VOL. 15, NO. 8
September 27, 2013
Back to the Basics:
Straightening Up America, VII:
America’s Marriage Miasma, Part 3
By Virginia Armstrong, Ph.D., National Chairman
“Who might fulfill the role [of petitioner/appellant]” in appealing the recent court decisions such as those recently made by federal judges against state and federal laws defending “marriage” as defined throughout centuries of Anglo-American law? This very pertinent question was raised by Russell Hemati, Chair of the Department of Philosophy at Houston Baptist University shortly after the U.S. Supreme Court’s decisions in the Perry and Windsor cases. Although directed specifically to the “Proposition 8” decision in Perry, this question in a blog posting on HBU’s School of Humanities raises a fundamental issue in the entire debate over same-sex marriage. What kind of plaintiff would satisfy the requirements to challenge the traditional definition of marriage? The answer is simple: no one. No human being can validly challenge the definition of marriage as a union of one man and one woman because that definition was set by God Himself in the Beginning when He created marriage. Likewise, no government anywhere at any time has the authority to redefine marriage, deeming it to be any form of relationship other than traditional marriage.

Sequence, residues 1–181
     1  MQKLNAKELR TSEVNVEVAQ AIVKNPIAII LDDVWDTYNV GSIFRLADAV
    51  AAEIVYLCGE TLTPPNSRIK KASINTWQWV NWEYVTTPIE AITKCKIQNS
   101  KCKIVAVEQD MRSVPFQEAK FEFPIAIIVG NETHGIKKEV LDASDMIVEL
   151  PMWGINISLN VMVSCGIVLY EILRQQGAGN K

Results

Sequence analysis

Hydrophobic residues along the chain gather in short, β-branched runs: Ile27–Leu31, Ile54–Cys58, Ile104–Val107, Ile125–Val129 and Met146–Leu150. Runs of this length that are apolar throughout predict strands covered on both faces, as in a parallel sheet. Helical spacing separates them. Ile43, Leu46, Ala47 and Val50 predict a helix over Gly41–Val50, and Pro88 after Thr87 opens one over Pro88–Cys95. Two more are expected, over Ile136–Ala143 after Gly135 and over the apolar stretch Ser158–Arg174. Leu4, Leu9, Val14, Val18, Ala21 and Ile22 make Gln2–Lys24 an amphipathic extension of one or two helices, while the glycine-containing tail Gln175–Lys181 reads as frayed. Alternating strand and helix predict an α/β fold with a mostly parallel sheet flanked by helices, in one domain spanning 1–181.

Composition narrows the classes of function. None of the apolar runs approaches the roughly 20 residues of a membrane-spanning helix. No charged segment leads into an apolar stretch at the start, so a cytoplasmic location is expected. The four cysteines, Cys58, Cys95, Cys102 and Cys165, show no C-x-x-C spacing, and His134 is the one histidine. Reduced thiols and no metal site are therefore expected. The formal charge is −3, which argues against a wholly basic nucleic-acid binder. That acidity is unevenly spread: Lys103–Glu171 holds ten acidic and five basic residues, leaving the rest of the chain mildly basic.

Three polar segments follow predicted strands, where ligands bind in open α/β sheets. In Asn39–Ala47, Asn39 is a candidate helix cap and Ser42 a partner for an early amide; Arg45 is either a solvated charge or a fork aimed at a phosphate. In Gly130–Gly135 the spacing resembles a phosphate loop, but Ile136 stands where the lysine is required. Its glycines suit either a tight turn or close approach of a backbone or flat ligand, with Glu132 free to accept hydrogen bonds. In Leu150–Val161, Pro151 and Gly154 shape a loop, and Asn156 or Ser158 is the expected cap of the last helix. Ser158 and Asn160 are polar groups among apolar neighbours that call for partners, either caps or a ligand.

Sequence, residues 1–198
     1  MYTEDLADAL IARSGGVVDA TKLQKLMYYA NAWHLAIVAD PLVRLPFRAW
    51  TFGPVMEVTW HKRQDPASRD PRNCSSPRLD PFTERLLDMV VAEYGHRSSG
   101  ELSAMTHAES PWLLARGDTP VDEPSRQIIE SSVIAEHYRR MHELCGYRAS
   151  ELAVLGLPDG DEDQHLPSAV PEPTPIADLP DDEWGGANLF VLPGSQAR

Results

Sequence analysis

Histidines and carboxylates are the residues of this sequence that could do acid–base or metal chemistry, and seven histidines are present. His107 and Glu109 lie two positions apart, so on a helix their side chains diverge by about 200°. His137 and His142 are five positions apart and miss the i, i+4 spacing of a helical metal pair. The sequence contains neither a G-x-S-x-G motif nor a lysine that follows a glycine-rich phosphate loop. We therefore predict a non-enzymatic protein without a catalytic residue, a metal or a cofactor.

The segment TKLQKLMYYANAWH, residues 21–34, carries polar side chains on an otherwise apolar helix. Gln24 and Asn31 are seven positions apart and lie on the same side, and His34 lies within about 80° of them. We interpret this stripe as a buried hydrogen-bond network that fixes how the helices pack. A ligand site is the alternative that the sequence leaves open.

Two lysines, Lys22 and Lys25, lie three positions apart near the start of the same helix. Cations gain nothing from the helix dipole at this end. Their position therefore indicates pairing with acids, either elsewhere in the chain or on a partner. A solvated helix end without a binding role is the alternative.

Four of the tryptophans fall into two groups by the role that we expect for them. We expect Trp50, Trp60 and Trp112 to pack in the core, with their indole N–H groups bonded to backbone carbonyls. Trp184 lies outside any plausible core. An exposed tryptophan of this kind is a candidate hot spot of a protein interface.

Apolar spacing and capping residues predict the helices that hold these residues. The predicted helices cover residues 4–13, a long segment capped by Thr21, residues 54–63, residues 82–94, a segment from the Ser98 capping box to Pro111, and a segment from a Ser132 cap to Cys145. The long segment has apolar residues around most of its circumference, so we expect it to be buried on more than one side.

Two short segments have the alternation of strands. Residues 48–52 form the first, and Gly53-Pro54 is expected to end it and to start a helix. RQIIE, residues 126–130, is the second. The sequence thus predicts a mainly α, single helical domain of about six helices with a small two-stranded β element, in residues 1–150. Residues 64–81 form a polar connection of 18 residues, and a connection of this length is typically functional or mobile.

But, because we do face these and similar challenges to the fundamental Judeo-Christian worldview in which our Constitution and culture were embedded, we have been addressing during 2013 the question “How far can you make a man [or a nation] bend over backwards before he [it] breaks?” Humanist/Reconstructionist powers have forced our nation to bend much too far backwards in its spiritual, moral, and constitutional life. Thus, we must “go back to the Basics” to find guidance in how to “straighten up America.”